Saturation when set with a calibration disc assures that each of the primary colors are displayed with equal brightness. This will result in properly displayed picture with respect to the progam content. Increasing saturation will normally result in an imbalance of color with the display taking on a dominant tone. I have found that high quality HD content tends to look perfect at the calibrated settings. On the other hand, great deal of broadcast content seems to be intentionally oversaturated and the picture appears to be either too vivid or (usually) overly strong on the red side. In these cases, it is advisable to reduce saturation until the picture appears more pleasant or natural. I have never seen a program that was too "dull" at the calibrated setting, however I have seen many that are downright annoying in terms of being oversaturated, in which case they can be greatly improved by making a modest adjustment.

Conclusion: There's no way in hell that a properly calibrated set will result in a dull picture.


You are so full of shit, it's coming out your ears.

Basically, without the Senior Thesis this guy wrote, he prefers a natural image which is produced by using the DVE of Avia discs.

While he, and many others, prefer this natural look, I think it makes the PQ look dull and lifeless. While I think the "torch" setting that the tv comes set at is a bit too birght and saturated, I do prefere a setting that is slightly below that.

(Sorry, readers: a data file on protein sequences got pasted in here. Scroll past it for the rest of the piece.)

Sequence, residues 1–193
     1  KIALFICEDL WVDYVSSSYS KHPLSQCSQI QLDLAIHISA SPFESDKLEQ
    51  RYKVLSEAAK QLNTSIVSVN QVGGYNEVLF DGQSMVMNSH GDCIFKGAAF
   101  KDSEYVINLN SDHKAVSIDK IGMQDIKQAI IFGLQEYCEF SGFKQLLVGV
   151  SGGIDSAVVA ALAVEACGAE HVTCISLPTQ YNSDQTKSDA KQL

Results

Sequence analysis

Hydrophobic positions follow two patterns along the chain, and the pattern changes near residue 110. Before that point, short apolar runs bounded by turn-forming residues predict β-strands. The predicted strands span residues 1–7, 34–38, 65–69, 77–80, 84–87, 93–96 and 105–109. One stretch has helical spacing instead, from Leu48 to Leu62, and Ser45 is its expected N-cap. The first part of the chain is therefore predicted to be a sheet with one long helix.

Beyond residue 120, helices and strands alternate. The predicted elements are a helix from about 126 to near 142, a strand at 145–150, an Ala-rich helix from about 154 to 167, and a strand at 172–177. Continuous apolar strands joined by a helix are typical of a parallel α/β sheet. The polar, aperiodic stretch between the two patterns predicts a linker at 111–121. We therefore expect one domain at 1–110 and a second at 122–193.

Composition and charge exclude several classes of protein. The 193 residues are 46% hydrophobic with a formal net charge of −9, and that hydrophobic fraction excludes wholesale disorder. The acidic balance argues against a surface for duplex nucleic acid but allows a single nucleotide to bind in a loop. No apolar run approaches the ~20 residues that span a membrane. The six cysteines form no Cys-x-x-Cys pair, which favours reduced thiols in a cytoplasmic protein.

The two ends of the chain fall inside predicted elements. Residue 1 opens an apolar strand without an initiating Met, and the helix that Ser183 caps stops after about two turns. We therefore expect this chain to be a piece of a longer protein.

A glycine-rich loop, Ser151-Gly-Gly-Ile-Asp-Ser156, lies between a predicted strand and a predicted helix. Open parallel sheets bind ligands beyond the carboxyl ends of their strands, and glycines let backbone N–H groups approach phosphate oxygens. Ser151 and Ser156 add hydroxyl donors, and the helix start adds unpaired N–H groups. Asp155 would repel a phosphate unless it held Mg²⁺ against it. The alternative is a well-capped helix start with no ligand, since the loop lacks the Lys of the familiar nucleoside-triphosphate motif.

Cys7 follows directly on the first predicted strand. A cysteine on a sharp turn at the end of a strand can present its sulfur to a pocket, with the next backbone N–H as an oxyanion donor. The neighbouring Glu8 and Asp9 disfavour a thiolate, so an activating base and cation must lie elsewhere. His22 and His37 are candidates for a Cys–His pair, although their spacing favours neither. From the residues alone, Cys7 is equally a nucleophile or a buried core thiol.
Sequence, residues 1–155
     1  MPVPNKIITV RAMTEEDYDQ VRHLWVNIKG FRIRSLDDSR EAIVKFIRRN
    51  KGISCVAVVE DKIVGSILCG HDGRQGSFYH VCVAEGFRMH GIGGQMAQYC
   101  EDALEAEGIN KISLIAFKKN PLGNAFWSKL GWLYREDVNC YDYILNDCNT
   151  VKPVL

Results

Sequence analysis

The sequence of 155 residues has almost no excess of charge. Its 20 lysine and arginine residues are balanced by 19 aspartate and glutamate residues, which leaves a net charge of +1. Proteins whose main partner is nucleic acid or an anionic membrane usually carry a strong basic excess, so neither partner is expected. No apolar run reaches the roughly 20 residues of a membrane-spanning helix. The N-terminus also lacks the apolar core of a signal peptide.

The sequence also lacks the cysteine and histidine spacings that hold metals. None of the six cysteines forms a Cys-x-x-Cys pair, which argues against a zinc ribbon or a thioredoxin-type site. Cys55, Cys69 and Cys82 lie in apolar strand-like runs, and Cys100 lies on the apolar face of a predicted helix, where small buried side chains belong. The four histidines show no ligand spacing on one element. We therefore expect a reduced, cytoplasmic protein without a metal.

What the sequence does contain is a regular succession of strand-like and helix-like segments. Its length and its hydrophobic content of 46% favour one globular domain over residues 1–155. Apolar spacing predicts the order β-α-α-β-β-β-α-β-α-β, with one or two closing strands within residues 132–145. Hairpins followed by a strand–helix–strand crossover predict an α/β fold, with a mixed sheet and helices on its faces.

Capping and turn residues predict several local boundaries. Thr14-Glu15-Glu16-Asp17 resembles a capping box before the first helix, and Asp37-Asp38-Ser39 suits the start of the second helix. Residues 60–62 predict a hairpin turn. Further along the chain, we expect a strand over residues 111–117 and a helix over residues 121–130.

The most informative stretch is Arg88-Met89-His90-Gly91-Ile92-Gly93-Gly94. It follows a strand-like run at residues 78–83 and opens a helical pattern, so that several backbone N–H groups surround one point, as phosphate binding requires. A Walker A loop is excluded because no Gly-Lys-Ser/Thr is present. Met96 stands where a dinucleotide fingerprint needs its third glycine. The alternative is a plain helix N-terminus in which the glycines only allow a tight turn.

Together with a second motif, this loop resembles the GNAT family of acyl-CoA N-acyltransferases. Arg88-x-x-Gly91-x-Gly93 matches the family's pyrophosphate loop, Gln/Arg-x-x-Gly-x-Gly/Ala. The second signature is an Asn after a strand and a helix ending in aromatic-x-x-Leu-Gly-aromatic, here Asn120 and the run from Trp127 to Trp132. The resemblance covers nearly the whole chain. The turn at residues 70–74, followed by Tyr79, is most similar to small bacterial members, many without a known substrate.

In essence... Some like a natural experience, Some prefer a brighter and more vibrant image.

Thanks for the settings lesson, took me back to when I was twelve and first learned all that stuff.

And yes, I can eyeball set a tv in less than a minute and have a PQ that I prefer over 15 minutes of using that DVE. If I have to move a tv or when I get a new tv. I can have the PQ set for each input in just a few minutes.

Conclusion: You can come down off of your high horse now.

LazerGuided
10-23-2007, 01:23 PM
Ok can someone answer my question.

Will a regular calibration DVD be fine? Or should I get an HD DVD version?

Thanks

LazerGuided
10-23-2007, 01:28 PM
I want to purchase this today.

360kid
10-23-2007, 02:06 PM
I think DVE offers an HD version. However, I don't know what the difference would be since you are mostly looking at color bars and circles. Seems to me they should d othe same thing. Maybe a slight difference because of the clarity of HD.

I say, if you can find the Hd version cheap the njust get it and see what happens.

LazerGuided